June 13-14 at Laney
College, Oakland, CA
(In collaboration with
Frontline Solutions 3rd Annual Gathering of Leaders)
Topic: Education and
October 24-25 at
University of Pennsylvania, Philadelphia, PA
(In collaboration with
the Center for the Study of Race and Equity in Education)
Topic: Justice and
If you have any questions about
the summits, please contact AfAmEducation@ed.gov
with "Summits" in the subject line.
Survey Finds Black Fathers
are as Involved with Their Kids (or More So) as Men of
Defying enduring stereotypes
about black fatherhood, a federal survey of American parents shows that by most
measures, black fathers who live with their children are just as involved as
other dads who live with their kids - or more so.
For instance, among fathers who
lived with young children, 70% of black dads said they bathed, diapered or
dressed those kids every day, compared with 60% of white fathers and 45% of
Latino fathers, according to a report released Friday by the National Center for
Nearly 35% of black fathers who lived with their young
children said they read to them daily, compared with 30% of white dads and 22%
of Latino dads. The report was based on a federal survey that included more than
3,900 fathers between 2006 and 2010 - a trove of data seen as the gold standard
for studying fatherhood in the United States. In many cases, the differences
between black fathers and those of other races were not statistically
significant, researchers said.
The findings echo earlier studies
that counter simple stereotypes characterizing black fathers as missing in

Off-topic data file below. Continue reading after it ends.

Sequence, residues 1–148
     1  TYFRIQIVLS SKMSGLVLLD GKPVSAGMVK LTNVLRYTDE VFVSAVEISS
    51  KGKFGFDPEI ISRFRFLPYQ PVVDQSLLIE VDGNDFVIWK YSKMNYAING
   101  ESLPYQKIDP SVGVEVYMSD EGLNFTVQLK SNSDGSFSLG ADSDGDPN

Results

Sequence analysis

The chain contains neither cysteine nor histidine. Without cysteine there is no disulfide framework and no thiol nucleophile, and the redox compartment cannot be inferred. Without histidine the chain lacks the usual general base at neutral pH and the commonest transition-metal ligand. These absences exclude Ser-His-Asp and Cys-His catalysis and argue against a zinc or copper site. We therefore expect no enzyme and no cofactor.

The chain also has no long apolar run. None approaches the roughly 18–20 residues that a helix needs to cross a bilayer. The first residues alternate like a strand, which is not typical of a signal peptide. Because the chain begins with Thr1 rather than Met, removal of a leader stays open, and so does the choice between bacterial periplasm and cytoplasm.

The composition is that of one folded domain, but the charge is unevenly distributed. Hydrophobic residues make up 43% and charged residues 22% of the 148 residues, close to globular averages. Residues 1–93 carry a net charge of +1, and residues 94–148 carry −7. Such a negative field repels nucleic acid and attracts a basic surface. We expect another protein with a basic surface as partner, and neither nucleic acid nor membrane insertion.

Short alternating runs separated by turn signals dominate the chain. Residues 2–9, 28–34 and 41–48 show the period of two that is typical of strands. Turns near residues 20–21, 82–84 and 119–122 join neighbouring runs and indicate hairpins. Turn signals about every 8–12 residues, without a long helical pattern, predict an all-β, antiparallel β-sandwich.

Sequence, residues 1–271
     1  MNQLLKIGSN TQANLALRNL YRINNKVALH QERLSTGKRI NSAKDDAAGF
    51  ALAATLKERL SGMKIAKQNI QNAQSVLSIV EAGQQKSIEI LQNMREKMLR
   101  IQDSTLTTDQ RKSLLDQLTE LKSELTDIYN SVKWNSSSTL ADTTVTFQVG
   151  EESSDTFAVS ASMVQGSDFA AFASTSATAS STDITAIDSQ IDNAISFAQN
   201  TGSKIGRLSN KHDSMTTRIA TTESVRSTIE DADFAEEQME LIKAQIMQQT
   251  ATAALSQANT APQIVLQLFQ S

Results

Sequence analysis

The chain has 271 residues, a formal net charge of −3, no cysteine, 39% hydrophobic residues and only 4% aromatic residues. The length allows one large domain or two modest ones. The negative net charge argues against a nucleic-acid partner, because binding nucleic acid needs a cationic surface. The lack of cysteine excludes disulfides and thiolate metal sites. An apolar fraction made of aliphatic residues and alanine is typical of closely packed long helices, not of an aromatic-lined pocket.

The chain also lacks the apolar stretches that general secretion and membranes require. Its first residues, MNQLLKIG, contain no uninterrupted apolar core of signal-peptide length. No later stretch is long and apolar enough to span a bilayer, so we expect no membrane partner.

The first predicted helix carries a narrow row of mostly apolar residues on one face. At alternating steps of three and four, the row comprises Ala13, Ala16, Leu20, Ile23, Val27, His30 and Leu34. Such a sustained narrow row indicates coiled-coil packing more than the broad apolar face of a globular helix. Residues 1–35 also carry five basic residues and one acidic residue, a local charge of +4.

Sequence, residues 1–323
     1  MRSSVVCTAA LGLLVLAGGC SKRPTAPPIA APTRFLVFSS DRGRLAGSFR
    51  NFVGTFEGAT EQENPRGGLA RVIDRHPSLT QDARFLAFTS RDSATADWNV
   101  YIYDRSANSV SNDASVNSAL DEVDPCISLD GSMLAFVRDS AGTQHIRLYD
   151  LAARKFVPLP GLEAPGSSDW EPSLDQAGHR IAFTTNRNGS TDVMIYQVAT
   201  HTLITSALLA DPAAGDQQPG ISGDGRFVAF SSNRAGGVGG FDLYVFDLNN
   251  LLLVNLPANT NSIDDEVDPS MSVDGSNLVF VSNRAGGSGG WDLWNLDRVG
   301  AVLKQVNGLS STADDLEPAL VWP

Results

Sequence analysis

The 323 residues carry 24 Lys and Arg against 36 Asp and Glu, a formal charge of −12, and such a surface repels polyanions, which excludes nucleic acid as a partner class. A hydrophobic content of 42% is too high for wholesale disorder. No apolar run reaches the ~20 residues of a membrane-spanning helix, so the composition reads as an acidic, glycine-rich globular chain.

action. When it comes to fathers who live with their kids, "blacks look a lot
like everyone else," said Gretchen Livingston, a senior researcher at the Pew
Research Center who has previously studied the topic. And in light of the
negative stereotypes about black fathers, "that is a story in itself."
However, Laura Tach and fellow researchers also found
that black fathers were more likely than white or Latino dads to stay close to
their children after having more kids with a new partner. Because it isn't as
rare for black fathers to live away from the home, their communities might have
stronger expectations that fathers will stay involved outside the "package deal"
of a wife and kids, explained Tach, a professor of policy analysis at Cornell University.
Young women 4- to 14-years old are invited to dress up
and show their fathers a good time at The
Black Star Project's 5th Annual Daddy Daughter Dance. Cost $30.00 per couple
and $5.00 per extra young lady. Please
call 773.285.9600 to register your couple or to get a free organizing kit
to bring the Daddy Daughter
Dance to your city. This event is
sponsored by The Black Star Project's
Million Fathers Club. Attire: Dress To Impress
Music - Dancing - Food - Fun
- Crafts - Pictures!!!